Saturday, May 25, 2024

US lawmakers cast doubt on continued security coordination with Palestinian Authority

US lawmakers have questioned whether Washington should continue security coordination with the Palestinian Authority (PA). Some politicians have blamed it on the deteriorating security situation in the occupied West Bank.

The US has trained the PA and encouraged security cooperation between it and Israel through the Office of US Security Coordinator for Israel and the Palestinian Authority since 2005, in the wake of the Second Intifada.

After a trip to the occupied West Bank in July, Republican Senator Rick Scott accused the PA of letting “terrorists” operate in the occupied West Bank and cast doubt on the future of further security coordination.

Asked whether he believed security ties with the PA could continue, he said that he was “always hopeful, but [Palestinian security forces have] to do their job.”

“If [the PA] want[s] to have control over the West Bank, they’ve got to be policing, they can’t let these terrorists [operate] in there that are killing Israeli civilians,” he said. “If they’re not, Israel has no choice but to defend their security and defend their citizens,” he continued.

Meanwhile, Republican Congressman Doug Lamborn accused the PA of “not doing anything to stop radicalization”, adding, “their turning a blind eye to the effects of their policies is what’s led to a lot of the radicalization”.

At least 204 Palestinians have been killed by Israeli fire this year, including 36 children – a rate of nearly one fatality per day. A total of 167 people have died in the West Bank and East Jerusalem, making 2023 one of the bloodiest years in the occupied Palestinian territories. Another 36 people were killed in the Gaza Strip.

Palestinians have killed 25 Israelis in the same period, including six children.

For decades, security assistance to the PA received bipartisan support in Washington as a way to check the influence of groups like Hamas and Islamic Jihad, which the US labels terrorist organisations.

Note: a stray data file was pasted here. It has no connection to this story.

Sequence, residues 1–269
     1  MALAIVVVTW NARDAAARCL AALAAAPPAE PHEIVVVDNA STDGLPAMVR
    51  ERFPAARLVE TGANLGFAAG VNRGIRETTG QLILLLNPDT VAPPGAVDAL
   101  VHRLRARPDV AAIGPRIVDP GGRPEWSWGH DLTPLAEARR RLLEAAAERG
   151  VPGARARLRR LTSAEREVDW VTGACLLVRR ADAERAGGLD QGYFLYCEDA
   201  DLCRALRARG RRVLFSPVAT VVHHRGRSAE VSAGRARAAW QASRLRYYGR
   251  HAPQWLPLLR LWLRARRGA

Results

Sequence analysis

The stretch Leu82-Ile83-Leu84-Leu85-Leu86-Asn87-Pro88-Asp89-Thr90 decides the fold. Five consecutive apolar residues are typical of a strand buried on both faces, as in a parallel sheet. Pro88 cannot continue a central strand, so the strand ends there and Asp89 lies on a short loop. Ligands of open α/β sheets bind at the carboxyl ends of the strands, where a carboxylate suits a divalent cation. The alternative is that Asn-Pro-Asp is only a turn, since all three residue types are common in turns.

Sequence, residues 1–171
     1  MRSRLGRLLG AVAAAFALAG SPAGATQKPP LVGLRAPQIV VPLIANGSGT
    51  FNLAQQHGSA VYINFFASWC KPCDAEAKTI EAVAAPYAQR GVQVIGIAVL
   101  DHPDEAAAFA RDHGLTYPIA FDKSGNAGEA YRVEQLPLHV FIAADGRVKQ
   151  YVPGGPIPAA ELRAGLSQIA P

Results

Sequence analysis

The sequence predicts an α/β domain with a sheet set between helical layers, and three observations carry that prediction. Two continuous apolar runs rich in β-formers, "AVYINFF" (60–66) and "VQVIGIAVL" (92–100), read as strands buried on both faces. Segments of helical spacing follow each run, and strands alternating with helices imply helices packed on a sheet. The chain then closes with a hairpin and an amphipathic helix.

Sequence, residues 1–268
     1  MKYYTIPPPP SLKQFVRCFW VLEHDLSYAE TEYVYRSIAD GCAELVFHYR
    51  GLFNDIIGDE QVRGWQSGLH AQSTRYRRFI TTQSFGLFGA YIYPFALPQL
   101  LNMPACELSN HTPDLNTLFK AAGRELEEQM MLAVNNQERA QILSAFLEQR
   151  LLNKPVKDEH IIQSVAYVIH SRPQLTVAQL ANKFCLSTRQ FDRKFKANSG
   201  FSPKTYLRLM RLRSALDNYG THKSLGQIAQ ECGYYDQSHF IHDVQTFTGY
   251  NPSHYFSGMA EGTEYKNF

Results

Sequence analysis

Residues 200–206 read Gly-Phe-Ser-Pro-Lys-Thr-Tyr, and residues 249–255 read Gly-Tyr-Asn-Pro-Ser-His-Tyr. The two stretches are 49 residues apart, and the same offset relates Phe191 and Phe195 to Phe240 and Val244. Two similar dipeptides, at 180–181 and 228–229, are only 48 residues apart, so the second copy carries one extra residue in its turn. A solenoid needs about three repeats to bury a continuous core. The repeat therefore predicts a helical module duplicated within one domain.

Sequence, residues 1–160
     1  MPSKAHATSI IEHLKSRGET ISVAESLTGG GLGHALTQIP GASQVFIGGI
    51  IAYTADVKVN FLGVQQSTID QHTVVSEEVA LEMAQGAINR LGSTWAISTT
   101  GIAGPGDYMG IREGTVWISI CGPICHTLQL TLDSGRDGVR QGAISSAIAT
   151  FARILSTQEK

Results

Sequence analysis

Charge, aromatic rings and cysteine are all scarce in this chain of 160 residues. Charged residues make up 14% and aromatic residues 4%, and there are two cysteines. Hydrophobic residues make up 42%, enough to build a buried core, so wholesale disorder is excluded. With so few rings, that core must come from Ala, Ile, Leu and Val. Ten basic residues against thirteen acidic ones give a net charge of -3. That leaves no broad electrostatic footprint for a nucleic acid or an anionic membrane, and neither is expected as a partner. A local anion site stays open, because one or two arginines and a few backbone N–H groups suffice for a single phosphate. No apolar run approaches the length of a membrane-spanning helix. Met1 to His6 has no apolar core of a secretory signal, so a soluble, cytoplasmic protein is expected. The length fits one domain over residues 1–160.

Palestinians blame the Palestinian Authority for failing to protect Palestinians from assaults by the Israeli army and settlers in the occupied West Bank.

The comments from Republican lawmakers, however, underline how any support to Palestinians, even those cooperating with Israel, is increasingly coming under pressure, especially within the Republican party. In 2016, the Republican Party dropped support for the two-state solution from its official platform.

The PA, established in 1994 following the Oslo Accords, holds devolved authority over parts of the occupied West Bank and was supposed to mark the first tentative step towards Palestinian sovereignty and negotiations over the creation of an independent state. Israel has occupied the West Bank since the 1967 war.

In the years since its creation, however, it has become widely unpopular over its corruption, authoritarianism and security cooperation with Israel. Palestinian President Mahmoud Abbas, aged 87 and leading the Palestinian Authority for nearly 20 years, has a severely diminished support base within the Palestinian public.

Although the Joe Biden administration continues to provide rhetorical support for a two-state solution, it has done nothing to rein in Israel’s record-breaking expansion of illegal settlements in the occupied West Bank or its increasing use of heavy fire-power against the Palestinians.

In an interview with CNN last month, President Biden said the PA had “lost its credibility, not necessarily because of what Israel’s done, just because it’s just lost its credibility, number one, and, number two, created a vacuum for extremism”.

The Biden administration has also askewed fostering direct peace talks between the Israelis and Palestinians in favour of the Donald Trump administration’s Abraham Accords plan, which backs Arab states normalising ties with Israel in the absence of a permanent resolution to the Israeli-Palestinian conflict.

Meanwhile, the PA’s control over the occupied West Bank is increasingly being called into question. Last month Abbas was greeted with scorn by residents of the Jenin refugee camp he went to survey after an Israeli offensive on the city.

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